In order to construct a flowering model suited to orchids, the ABCDE model needs to be modified to explain the fact that orchids lack a stamen whorl. Many of the MADS box genes such as PaAP3 and PaSEP described earlier were downregulated in the Pollinia. PaMδS-1 (PATC138798) and PaMδP-1 (PATC132082) are both -type MADS box genes that exhibit Pollinia-specific expression patterns (Figure 1B and 4B). In Arabidopsis, MδS- and MδP-type MADS box genes were highly expressed in pollen and when multiple alleles were defective, fertility was severely reduced due to low pollen viability [54]. Several other transcription factor genes, such as PaAP2-7 (PATC138345), PabHLH-3 (basic helix-loop-helix protein, PATC140443), PabZIP-2 (basic leucine zipper protein, PATC134262) and PaMYB-2 (PATC152106), also showed Pollinia-specific expression patterns (Figure 4D). The opposite expression pattern was observed for PaAP2-5 (PATC133172), PabHLH-1 (PATC135043), PabZIP-3 (PATC136849), PaMYB-4 (PATC150065) and PaNAC-3 (NAM, ATAF, CUC proteins, PATC138298), which were expressed highly in all floral organs but not in the pollinia (Figure 4C). This kind of gene expression pattern is rather peculiar and has not been described in previous studies. More in-depth research needs to be conducted in order to understand the mechanism of pollinia pattern formation in orchids.

Comparative expression analysis of wild-type and peloric mutant flowers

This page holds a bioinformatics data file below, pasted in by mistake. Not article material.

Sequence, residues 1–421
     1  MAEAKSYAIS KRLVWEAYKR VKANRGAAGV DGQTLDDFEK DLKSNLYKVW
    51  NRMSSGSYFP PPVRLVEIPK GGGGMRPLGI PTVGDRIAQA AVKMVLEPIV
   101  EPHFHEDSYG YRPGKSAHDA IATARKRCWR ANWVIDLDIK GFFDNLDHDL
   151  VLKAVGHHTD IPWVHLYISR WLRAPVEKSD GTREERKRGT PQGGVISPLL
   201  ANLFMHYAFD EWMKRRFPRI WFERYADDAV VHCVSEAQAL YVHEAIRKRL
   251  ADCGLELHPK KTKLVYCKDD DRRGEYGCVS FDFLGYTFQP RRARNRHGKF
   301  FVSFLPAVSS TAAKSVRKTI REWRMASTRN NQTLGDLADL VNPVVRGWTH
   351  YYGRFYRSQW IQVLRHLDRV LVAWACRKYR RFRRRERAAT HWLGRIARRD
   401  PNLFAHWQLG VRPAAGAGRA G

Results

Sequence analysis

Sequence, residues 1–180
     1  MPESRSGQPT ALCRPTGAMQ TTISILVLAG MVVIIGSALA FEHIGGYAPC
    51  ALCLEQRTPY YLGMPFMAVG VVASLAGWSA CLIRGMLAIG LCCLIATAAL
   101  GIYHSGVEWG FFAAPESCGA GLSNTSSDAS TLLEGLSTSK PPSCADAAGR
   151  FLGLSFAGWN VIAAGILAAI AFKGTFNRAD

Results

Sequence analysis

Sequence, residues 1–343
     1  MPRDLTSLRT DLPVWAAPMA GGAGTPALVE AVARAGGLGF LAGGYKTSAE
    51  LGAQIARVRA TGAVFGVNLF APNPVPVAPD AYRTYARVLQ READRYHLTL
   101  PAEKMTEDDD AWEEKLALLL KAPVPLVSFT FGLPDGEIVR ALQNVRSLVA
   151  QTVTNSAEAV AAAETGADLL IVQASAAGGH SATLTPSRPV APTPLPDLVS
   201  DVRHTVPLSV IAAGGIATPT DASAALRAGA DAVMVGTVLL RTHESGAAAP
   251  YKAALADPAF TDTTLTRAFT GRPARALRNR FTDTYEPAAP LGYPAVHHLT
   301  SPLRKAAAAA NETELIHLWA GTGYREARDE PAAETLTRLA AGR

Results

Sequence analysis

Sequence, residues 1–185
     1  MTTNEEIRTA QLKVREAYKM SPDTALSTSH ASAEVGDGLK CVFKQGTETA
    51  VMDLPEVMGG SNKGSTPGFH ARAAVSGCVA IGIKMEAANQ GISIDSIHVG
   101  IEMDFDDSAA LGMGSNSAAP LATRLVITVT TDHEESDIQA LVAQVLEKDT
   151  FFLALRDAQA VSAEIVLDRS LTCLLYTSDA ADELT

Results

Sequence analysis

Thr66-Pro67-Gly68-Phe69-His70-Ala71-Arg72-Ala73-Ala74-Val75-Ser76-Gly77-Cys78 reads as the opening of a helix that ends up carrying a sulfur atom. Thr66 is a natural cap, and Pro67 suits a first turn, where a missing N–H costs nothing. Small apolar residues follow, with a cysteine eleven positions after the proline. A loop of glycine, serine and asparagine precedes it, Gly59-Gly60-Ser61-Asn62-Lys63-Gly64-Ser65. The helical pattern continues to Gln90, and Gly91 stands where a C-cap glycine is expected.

Mutants with polymorphic flower phenotypes provide useful tools in the investigation of transcription factor functions. For reasons as yet unknown, the two lateral petals in the orchid flower sometimes become lip-like due to a peloric mutation (Figure 5A, for more peloric phenotypes see Figure S5 in File S1). The peloric mutation transforms the bilateral symmetric orchid flower into radial symmetric structure by the formation of three lips in the petal whorl. The peloric mutant is often associated with defective development of the pollinia and column. Compared to the wild-type, expression of genes involved in DNA methylation and chromatin remodeling is increased in peloric mutants [55], suggesting that the peloric phenotype may be the result of epigenetic effects. In order to identify genes that are co-expressed in the lip structure and the genes responsible for peloric transformation, we compared the expression profiles of the petal and lip of flowers from wild-type and a peloric mutant of another moth orchid, P. equestris. Comparative profiling of wild-type and peloric flowers allowed genes involved in morphological, topological and peloric development to be grouped for more detailed studies (Figure 5B). Differential genes responsible for morphological differentiation can be identified by comparing petals of wild type to the peloric mutant (Figure 5C). Thirty genes that may be responsible for topological arrangement of the second whorl were deduced from comparing profiling of petal to lip whether in the wild type or in the mutant (Figure 5C). The Venn diagram shows the number of genes differentially expressed in the petal and lip in the wild-type and peloric mutant (Figure 5C). A total of 168 genes exhibited differential expression levels in the petal and lip in the wild type. Among these 168 genes, 138 genes that did not show a change between the peloric petal and peloric lip were postulated to be genes responsible for morphological differentiation. The remaining 30 genes that were differentially expressed between the petal and lip in the wild-type or peloric mutant, were postulated to be responsible for the topological arrangement of the second whorl (Figure 5C). The 168 differential genes from the petal/lip comparison were subjected to Principal Component Analysis (PCA) to identify organs that have similar gene expression patterns. The first principal component accounted for 79% of the variance in the selected genes, and the first and second principal component accounted for over 98%. The PCA plot (Figure 5D) revealed that peloric petals formed clusters with the lips by the genes input was projected onto the first component. In the positive correlation of component 1, genes with significant loading score value (absolute value of loading score > 0.8) were further categorized into functional groups through MapMan analysis (Figure 5E). Large group of genes in lipid metabolism, secondary metabolism, cytochrome P450, transport activity and hormone metabolism may be responsible for the unique color and shape of lip. A group of MADS box transcription factors were also included. Clustering analyses of the 168 morphology-related genes showed that the expression profile of the peloric petal is much more similar to that of the lip (from wild-type or peloric mutant) than to that of the petal (Figure 5F), indicating the significance of this group of genes in the orchid lip development. Among these differentially expressed genes, MADS box transcription factors such as PaSOC1-3, PaAGL6-2 and PaAP3-3 may play critical roles in the lip formation or the maintenance of homeostasis. This is suggested by the Principal Component Analysis (PCA) with high loading scores and provides a potential transcriptional activation network for future studies.